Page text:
Next week, the Illinois State Board of Education (ISBE) is holding the first two of its three fall budget hearings, the first step in determining next year’s proposed education budget for the state. These hearings provide the early childhood advocacy community an opportunity to help shape the state’s Fiscal Year 2025 budget proposal. Please consider participating *virtually or in-person * in requesting a $75 million increase in state funding for the Early Childhood Block Grant (ECBG) and to continue and grow the $5 million investment to improve inclusion supports for children with disabilities and developmental delays.

Here’s how you can participate in the ISBE budget hearing process:

  1. Visit, and enter your name and contact information.
  2. Choose the hearing you’ll attend or select the option for submitting a written testimony. Written requests must be received by ISBE no later than Oct. 31.
  3. Under the “Add Program Request” drop-down menu select “Early Childhood Education”
  4. Enter $75,000,000.00 under the “Additional Requested Funding” section.
  5. Under the field that begins with “Please provide the Board with a description of your funding request,” you will need to put further detail on the $75 million ask.

Upcoming Budget Hearings:

  • Oct. 3, 4-7 p.m. CT (In-person in Springfield)
    Must submit a written funding request online by Sept. 28
  • Oct. 5, 4-7 p.m. CT (Virtual)
    Registration deadline is Oct. 2 at 11:59 p.m.
  • Oct. 30, 4-7 p.m. CT (Virtual)
    Registration deadline is Oct. 25 at 11:59 p.m.

General Tips to Testify at ISBE’s Fiscal Year 2025 Budget Hearings:

  • Use your time wisely as oral testimony is being limited to three (3) minutes per person.
  • Be sure to personalize your testimony with your own perspective.
  • Compose your testimony with an introduction, early childhood needs, the $75 million ask and conclusion.
  • Use your own words as much as possible, for variety and authenticity.

Contact us if you plan to testify or have questions. Thank you for speaking up for children and families across the state!

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Late summer marks the beginning of the return-to-school season for K-12 teachers across the country. Yet within the early learning field, child care educators work year-round providing care for our youngest learners while earning low wages and working under difficult conditions.

According to 2021 survey data from the Illinois Network of Child Care Resource and Referral Agencies, the median wage for early childhood assistant teachers was $12.00 per hour and for early childhood lead teachers, the median wage was $14.29.1 In terms of benefits, only approximately half of centers are able to offer health insurance.1 Not only is compensation abysmally low, but child care teachers work long hours to reflect the unique care schedules of families.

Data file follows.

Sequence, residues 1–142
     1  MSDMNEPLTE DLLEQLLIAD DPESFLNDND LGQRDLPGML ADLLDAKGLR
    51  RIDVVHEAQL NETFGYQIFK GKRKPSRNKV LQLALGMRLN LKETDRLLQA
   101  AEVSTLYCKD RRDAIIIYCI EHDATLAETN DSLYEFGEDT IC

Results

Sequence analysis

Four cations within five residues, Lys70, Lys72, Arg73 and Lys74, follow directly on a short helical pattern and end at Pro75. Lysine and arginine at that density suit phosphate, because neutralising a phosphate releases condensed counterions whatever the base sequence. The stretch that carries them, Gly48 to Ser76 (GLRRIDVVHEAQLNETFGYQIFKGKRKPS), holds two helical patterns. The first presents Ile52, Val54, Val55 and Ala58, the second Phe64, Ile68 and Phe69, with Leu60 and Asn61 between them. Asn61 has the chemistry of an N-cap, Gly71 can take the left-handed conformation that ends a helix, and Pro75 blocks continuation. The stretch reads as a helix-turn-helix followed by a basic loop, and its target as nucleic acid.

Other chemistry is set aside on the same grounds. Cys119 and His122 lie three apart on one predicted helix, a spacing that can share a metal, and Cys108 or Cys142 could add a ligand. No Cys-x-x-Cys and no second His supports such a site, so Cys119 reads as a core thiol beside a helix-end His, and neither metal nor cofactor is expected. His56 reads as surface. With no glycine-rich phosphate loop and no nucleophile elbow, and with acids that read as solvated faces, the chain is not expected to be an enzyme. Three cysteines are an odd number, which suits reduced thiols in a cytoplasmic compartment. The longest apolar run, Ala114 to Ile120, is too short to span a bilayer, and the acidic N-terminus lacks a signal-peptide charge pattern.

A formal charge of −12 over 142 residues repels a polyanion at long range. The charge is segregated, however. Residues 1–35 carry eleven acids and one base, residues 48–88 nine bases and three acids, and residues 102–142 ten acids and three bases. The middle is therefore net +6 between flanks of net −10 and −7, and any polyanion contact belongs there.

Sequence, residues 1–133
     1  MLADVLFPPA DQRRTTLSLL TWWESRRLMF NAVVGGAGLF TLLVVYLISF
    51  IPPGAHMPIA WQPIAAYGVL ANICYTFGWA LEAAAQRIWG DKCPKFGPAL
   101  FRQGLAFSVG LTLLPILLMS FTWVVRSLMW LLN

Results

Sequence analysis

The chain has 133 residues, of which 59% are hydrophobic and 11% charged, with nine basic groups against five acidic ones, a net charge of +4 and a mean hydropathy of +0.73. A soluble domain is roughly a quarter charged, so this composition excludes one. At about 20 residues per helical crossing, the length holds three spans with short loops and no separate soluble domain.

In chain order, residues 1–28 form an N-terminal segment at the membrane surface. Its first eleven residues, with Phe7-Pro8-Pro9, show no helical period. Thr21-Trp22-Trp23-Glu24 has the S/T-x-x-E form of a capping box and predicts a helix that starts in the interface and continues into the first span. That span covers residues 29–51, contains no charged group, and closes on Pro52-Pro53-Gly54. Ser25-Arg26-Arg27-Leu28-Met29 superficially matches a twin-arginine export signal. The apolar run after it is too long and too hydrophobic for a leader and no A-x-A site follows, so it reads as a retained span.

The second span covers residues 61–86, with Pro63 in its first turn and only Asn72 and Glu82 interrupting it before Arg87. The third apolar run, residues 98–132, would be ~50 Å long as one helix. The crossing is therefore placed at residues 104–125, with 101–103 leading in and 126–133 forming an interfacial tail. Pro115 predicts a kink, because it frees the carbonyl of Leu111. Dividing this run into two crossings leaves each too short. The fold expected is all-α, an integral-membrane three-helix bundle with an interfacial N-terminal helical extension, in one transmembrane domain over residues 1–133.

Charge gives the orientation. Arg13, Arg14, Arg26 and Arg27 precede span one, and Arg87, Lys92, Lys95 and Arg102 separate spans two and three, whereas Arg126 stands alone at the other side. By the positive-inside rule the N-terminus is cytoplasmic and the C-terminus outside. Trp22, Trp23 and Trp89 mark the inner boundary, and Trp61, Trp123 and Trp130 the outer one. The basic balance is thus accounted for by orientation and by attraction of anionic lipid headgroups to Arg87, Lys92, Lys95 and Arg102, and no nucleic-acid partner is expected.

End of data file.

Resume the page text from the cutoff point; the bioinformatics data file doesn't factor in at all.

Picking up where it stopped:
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Our child care workforce is greatly undervalued despite the critical role they play in our children’s and families’ lives. Since their work is rarely acknowledged or appreciated, it has become increasingly challenging to recruit and retain early educators. Less staff means fewer open classrooms and more difficulty finding care. This is especially true for infant and toddler slots since infant-toddler teachers are paid the least in their field, despite working under the most difficult conditions.  

As a nation, we have failed to recognize the importance of the early childhood workforce—public investment for early care and education is embarrassingly low. This has occurred despite research showing that young children’s brains develop fastest during the birth to age 5 period and that having access to a quality program can help boost their outcomes later in life. Having a nurturing, safe, and healthy place to learn during the early years can help close the opportunity gap and give all children the ability to thrive.

Our early childhood workforce arrives at work every day to provide care for our youngest and most vulnerable students, simply because of their passion for working with young children. As a society, our failure to acknowledge child care staff as essential further hurts not only the field, but children and families who rely on care. This back-to-school season let’s make sure we recognize and thank the early childhood teachers that allow parents and caregivers to go to work while their child(ren) thrive at their early learning program.